Rich Tucker

The very first virgin birth (an event many are preparing to celebrate later this month) didn’t make the newspapers, if only because there weren’t newspapers in Bethlehem during King Herod’s reign. Had The New York Times existed, it surely would have noted the birth of “a homeless child,” as Hillary Clinton described Jesus in 1999.

But today, an apparent rash of virgin births is in the news. “Success of abstinence in cutting teen pregnancies is a ‘myth’,” reported a headline in the London Daily Telegraph on Dec. 1. “Sexual abstinence as an effective tool in reducing teenage pregnancy is a complete ‘myth,’ the [British] Government’s advisory body on the issue claimed yesterday,” the story began, leading a reader to the logical conclusion that at least some girls who had abstained ended up pregnant, anyway.

Well, now. For years, most of us have believed that abstinence was a completely effective “tool” in reducing pregnancy, whether among teenagers or older folks. After all, those who abstain from sex, we naively thought, cannot become pregnant.

So if abstaining gives only “mythical” protection against pregnancy, we can only hope that the “experts” (and who wouldn’t want to be an intercourse expert?) have outlined a course of action that will actually work. And so they have. “The Independent Advisory Group on Teenage Pregnancy said that research from the United States showed that contraception was the way to bring down rates,” the Telegraph story added helpfully.

So, to review: abstinence doesn’t prevent pregnancy. Contraception prevents pregnancy. Film at 11 (now that’ll boost those sagging TV news ratings.) All right, let’s be serious. This story is silly on two levels. First, because of course everyone knows that abstinence works. Excepting Mary, throughout history zero percent of women who abstained from sex became pregnant. And, as a bonus, zero percent contracted sexually transmitted diseases.

Second, this story highlights the backward approach our country has taken to preventing pregnancy. We give teenagers advice but assume they’ll ignore it. “You should abstain from sex,” we tell high schoolers. “But, if you don’t, here’s a condom and a handy instruction book to show you how to use it.” Imagine if our government approached really important topics -- such as seatbelt use -- this way. “Wearing a seatbelt will make you safer,” the PSAs would announce. “But if you refuse to wear one, here’s how to duck as your airbag deploys.”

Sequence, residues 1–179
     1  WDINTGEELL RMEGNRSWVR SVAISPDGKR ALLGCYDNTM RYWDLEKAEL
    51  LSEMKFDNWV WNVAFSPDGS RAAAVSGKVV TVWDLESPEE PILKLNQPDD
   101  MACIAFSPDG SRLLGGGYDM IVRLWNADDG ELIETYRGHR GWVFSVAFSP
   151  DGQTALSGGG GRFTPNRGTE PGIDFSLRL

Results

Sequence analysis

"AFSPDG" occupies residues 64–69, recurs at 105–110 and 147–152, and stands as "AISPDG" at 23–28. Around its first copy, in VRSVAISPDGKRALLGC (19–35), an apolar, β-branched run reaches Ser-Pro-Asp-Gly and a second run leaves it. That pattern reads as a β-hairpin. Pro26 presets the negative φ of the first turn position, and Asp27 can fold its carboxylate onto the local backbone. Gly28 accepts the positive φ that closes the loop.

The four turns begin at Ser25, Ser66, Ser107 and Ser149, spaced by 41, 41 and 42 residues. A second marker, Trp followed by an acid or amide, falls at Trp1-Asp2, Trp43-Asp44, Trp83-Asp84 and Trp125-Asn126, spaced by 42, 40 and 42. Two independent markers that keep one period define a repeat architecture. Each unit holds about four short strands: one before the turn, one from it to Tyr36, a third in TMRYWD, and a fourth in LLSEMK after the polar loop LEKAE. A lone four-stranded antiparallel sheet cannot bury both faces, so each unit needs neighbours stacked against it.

In reality, with seatbelt use we’ve taken a zero-tolerance policy. Many areas have even made not wearing a seatbelt into a moving violation -- fail to buckle up and we’ll treat you exactly as we’d treat a driver who’d done something dangerous, such as run a red light or a stop sign. That’s actually silly, since drivers who don’t wear seatbelts are endangering only themselves.

But it does let drivers know we’re serious.

We ought to approach teen pregnancy the same way. Schools should explain to our children that premarital sex is dangerous. It leads to pregnancy and sometimes-deadly diseases including AIDS.

We should tell teens that we, as a society, don’t tolerate premarital sex. Just as students are urged to sign pledges to never drink and drive, they should be encouraged to sign abstinence pledges. These pledges, despite what you read in the newspapers, actually work.

As proof, just look at the National Longitudinal Study of Adolescent Health, a long-term, government funded study of 90,000 seventh- through 12th-graders. “Teens who pledged to remain a virgin until marriage began sexual activity much later than their peers who did not take such a pledge,” the government reported in 2001. And the later they start, the better off we all are. Older teenagers are generally more responsible, and thus less likely to become pregnant or contract an STD.

Are some children going to have sex anyway, no matter what we tell them? Certainly. Just as some are going to drink and drive anyway, no matter what we tell them. Teenagers always have, and always will, think they’re immortal. They’re always going to take risks that seem foolish to adults.

But at the same time, they’re always going to look to adults for advice. We make it a point to let teenagers know they shouldn’t drink and drive, ride in a car without a seatbelt, smoke, or litter. Let’s make sure we give them the correct advice about abstinence, too.


Rich Tucker

Rich Tucker is a communications professional and a columnist for Townhall.com.



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